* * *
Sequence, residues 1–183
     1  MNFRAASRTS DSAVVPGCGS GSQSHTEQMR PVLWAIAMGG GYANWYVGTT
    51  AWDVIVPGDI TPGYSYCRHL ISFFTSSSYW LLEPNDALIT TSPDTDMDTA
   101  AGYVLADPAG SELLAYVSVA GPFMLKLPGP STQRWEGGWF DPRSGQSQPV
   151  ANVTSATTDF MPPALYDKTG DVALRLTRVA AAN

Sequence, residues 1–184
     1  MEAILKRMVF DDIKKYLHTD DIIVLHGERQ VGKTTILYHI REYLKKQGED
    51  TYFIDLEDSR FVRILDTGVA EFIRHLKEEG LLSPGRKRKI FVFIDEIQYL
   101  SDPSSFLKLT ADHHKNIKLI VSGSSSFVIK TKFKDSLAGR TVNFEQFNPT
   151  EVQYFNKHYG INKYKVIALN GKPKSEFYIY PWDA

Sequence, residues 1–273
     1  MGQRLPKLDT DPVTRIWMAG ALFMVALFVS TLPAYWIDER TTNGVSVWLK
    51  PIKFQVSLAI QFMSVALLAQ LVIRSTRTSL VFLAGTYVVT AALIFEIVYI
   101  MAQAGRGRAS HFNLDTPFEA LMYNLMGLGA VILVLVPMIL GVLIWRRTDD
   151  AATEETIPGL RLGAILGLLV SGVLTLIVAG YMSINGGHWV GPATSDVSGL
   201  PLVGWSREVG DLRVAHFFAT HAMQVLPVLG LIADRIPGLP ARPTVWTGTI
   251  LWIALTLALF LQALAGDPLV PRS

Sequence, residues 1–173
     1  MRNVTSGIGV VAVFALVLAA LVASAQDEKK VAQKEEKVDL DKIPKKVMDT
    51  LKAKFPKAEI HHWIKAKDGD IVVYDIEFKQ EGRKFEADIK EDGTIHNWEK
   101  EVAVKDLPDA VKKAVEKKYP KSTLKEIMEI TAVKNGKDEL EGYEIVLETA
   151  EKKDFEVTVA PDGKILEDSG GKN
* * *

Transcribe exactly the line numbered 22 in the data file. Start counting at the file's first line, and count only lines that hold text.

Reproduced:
   151  EKKDFEVTVA PDGKILEDSG GKN